My Caribbean: 5 Vignettes


Sep 6, 2011


The lobby of the upscale resort where I was staying in Santo Domingo in late spring was a study in the colonial legacy of my mother country. There was a litter of mostly white men dressed in business casual and local women in every hue of brown feigning interest in them. The men cast knowing looks in my direction, undoubtedly mistaking me for a prostitute too.

It isn’t easy to place me. Although I was born in New York City, both of my parents are from here, and I lived nearby in Urbanizaci?n Para?so with my maternal grandparents when I was a child. I may have been rolling sans suit, but I was in town on my own business, filming part of a documentary. While the rest of the small crew I was traveling with filed upstairs to unwind, this dominiyorkian was looking for a much-needed ice-cold bottle of Presidente beer, to reflect on my time there.

So I headed for the bar, passing by the seemingly endless hallway to the left, the one festooned with tawdry frames featuring pictures of the Dominican Republic’s one-time F?hrer Rafael Trujillo chilling there in his heyday. The images were a contrast to the current and mostly unreported proletarian awakening of African and indigenous consciousness, especially among younger folks.

The island’s real history is too complicated to frame and hang on a wall. The Dominican Republic is the place where Christopher Columbus set up his second settlement in the New World, nearby in the Zona Colonial. However, that part of colonial history wasn’t what we were in country to see. We had spent one day navigating dirt roads and unmarked turnoffs to the ruins of two former colonial sugar mills, Engombe and Boca de Nigua, with the Caribbean historian Frank Moya Pons as our guide. As we stood on that sacred ground, he told us that in 1796, 200 slaves at Boca de Nigua rose up against the Spanish, setting the sugar cane fields and surrounding buildings ablaze. I dug my hands into the earth, trying to imagine those events playing out around me as the cows peacefully grazed nearby.

The next morning we started out at the Cuevas de las Marravillas, an ancient Taino cave about two hours outside of Santo Domingo, near San Pedro de Macor?s, where my father’s mother was born. Her mitochondrial DNA revealed a direct maternal connection to the indigenous people of the island. Those original inhabitants used the caves for religious and funeral rights, and for shelter against the forces of nature that sometimes ravaged the island. One petroglyph depicted what looked like a helmeted Spaniard, which made me shudder. And still, though we were literally enclosed in history, I felt something wasn’t quite right. The cave was so overly renovated it felt as if we were walking through an art installation in Williamsburg, Brooklyn. An employee, likely sensing my dissatisfaction, pointed me to Pomier, a less-gentrified cluster of 55 caves she said contained some of the oldest and finest pre-Columbian rock art in the Caribbean.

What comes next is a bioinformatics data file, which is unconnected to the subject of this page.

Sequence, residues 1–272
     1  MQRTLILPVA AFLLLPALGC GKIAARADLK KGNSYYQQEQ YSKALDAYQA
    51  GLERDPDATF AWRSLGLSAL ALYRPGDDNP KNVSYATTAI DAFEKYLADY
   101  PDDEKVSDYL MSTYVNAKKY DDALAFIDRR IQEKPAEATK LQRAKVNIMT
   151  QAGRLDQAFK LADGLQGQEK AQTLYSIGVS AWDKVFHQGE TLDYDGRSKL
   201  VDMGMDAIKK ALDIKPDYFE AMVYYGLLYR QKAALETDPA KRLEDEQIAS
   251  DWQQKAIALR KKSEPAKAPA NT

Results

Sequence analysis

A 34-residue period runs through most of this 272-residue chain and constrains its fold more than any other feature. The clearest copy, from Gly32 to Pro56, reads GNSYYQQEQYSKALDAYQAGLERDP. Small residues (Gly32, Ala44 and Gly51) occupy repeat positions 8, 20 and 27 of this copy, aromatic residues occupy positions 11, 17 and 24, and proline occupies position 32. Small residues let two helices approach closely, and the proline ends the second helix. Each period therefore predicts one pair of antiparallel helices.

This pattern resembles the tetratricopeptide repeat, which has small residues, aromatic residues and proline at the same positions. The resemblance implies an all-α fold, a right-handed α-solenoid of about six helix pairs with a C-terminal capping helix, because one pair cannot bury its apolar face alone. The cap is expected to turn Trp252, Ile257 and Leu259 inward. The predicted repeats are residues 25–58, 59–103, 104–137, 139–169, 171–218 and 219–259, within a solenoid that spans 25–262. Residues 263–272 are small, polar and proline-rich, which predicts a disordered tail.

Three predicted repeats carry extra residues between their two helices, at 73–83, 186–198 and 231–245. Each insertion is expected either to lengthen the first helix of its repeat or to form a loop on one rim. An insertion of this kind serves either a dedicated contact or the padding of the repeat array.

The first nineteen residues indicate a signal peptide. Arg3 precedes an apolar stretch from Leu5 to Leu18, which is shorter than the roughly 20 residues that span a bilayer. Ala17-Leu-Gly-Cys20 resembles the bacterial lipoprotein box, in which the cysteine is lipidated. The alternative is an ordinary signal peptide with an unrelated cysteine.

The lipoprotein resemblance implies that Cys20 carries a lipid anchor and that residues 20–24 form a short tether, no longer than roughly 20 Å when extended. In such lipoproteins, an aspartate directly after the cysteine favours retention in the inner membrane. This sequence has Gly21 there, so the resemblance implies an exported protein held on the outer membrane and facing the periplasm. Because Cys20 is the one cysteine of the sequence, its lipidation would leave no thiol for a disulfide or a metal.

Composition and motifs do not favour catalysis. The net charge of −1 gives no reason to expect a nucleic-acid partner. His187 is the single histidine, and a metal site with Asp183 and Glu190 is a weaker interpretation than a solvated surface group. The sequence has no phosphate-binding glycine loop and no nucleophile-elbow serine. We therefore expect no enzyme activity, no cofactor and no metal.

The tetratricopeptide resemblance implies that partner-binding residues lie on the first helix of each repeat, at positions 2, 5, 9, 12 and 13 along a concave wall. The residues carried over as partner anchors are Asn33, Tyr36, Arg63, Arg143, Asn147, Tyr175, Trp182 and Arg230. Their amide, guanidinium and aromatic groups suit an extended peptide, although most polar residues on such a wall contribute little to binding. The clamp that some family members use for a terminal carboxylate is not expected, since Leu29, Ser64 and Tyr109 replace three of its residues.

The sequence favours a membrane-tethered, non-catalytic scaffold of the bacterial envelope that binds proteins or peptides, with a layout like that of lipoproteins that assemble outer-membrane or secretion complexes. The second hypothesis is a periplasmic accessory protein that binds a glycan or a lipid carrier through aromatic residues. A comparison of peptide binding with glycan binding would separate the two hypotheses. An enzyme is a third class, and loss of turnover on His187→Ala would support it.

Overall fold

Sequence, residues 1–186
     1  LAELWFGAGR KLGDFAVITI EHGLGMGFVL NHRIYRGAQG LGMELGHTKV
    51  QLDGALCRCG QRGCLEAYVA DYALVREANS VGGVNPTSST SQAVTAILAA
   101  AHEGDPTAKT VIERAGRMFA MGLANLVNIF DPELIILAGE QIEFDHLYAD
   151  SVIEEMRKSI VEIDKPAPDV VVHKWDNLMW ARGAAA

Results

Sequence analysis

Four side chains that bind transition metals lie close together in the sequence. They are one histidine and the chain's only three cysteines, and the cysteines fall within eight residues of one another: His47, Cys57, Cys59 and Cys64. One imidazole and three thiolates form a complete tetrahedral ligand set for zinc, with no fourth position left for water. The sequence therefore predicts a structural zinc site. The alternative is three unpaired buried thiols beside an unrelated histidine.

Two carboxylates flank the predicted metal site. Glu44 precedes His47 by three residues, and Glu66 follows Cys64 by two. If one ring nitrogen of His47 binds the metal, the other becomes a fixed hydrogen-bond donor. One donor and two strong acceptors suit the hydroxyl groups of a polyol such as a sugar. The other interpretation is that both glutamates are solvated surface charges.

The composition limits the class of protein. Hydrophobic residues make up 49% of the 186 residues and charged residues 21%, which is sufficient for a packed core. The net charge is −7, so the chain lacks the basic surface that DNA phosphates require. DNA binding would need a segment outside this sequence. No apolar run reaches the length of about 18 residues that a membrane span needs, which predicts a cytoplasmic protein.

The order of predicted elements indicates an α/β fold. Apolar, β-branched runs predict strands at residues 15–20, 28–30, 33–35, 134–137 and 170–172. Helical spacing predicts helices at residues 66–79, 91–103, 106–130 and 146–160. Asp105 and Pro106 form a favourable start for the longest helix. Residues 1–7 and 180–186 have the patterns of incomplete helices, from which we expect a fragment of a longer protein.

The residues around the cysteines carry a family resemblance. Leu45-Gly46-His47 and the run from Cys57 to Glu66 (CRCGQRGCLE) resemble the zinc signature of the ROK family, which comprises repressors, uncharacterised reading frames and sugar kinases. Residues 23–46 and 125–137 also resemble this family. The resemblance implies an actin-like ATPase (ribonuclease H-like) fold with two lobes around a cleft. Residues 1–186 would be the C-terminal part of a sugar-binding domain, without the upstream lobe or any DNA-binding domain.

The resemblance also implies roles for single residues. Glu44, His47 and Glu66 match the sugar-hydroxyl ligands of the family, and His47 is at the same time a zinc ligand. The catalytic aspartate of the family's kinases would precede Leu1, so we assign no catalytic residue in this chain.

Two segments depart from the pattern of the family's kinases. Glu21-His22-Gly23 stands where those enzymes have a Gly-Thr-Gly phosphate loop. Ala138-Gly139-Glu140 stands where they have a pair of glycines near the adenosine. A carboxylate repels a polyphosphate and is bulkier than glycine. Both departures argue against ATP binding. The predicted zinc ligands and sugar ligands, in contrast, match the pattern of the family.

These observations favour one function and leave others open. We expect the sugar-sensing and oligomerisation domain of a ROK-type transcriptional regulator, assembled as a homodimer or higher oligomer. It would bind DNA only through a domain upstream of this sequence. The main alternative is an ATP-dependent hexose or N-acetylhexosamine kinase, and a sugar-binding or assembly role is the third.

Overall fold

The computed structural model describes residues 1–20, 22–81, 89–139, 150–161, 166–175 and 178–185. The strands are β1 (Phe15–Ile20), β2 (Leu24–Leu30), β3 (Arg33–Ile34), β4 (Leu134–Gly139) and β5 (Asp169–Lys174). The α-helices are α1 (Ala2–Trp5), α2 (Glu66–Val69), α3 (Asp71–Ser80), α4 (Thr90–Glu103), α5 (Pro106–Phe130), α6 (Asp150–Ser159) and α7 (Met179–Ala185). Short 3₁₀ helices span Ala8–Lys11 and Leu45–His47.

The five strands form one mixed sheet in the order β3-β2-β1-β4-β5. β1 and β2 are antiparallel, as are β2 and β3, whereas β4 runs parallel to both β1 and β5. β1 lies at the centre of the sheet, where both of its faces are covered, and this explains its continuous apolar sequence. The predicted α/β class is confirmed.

We made a dash for our bus and drove for what seemed like hours. After a long wait, the unofficial boss man arrived on the back of a rickety moped. The jefe was a tall and imposing older man decked out in a military-issued uniform. His grin was both wide and menacing at the same time. I’ve seen that face before, on sketchy policemen in Rio, Tangier and Freetown.

After begging him to let us film the cave, the jefe left without saying a word, and a tall young man from a nearby hood, dressed in a neon green YMCA Camp T-shirt, long plaid shorts and flip-flops, appeared in his stead. He carried two small flashlights and began the tour with the uninflected tone of someone who would have rather been anywhere else. But his knowledge of the caves was masterful and his love for them fierce. He recounted an epic saga between the community and the companies that have put these caves in danger by quarrying limestone nearby.

Seeing the depictions of life before the Western invasion — and right before the cave’s inevitable gentrification — was mind-blowing. But all along, I felt a chill, as if this may not end well. Different scenarios played out in my mind, all ending with the jefe robbing us, and maybe worse. We emerged safely, though, passing by what looked like a used condom at the cave’s entrance before heading back to the hotel.

Later, sipping my rimy beer, I was grateful. The universe had allowed us to retrace humankind’s historic footprints. As the breeze shrouded me in its warmth, I felt it was well worth those moments of uncertainty.

RAQUEL CEPEDA is a filmmaker and the author of “Bird of Paradise: How I Became Latina.”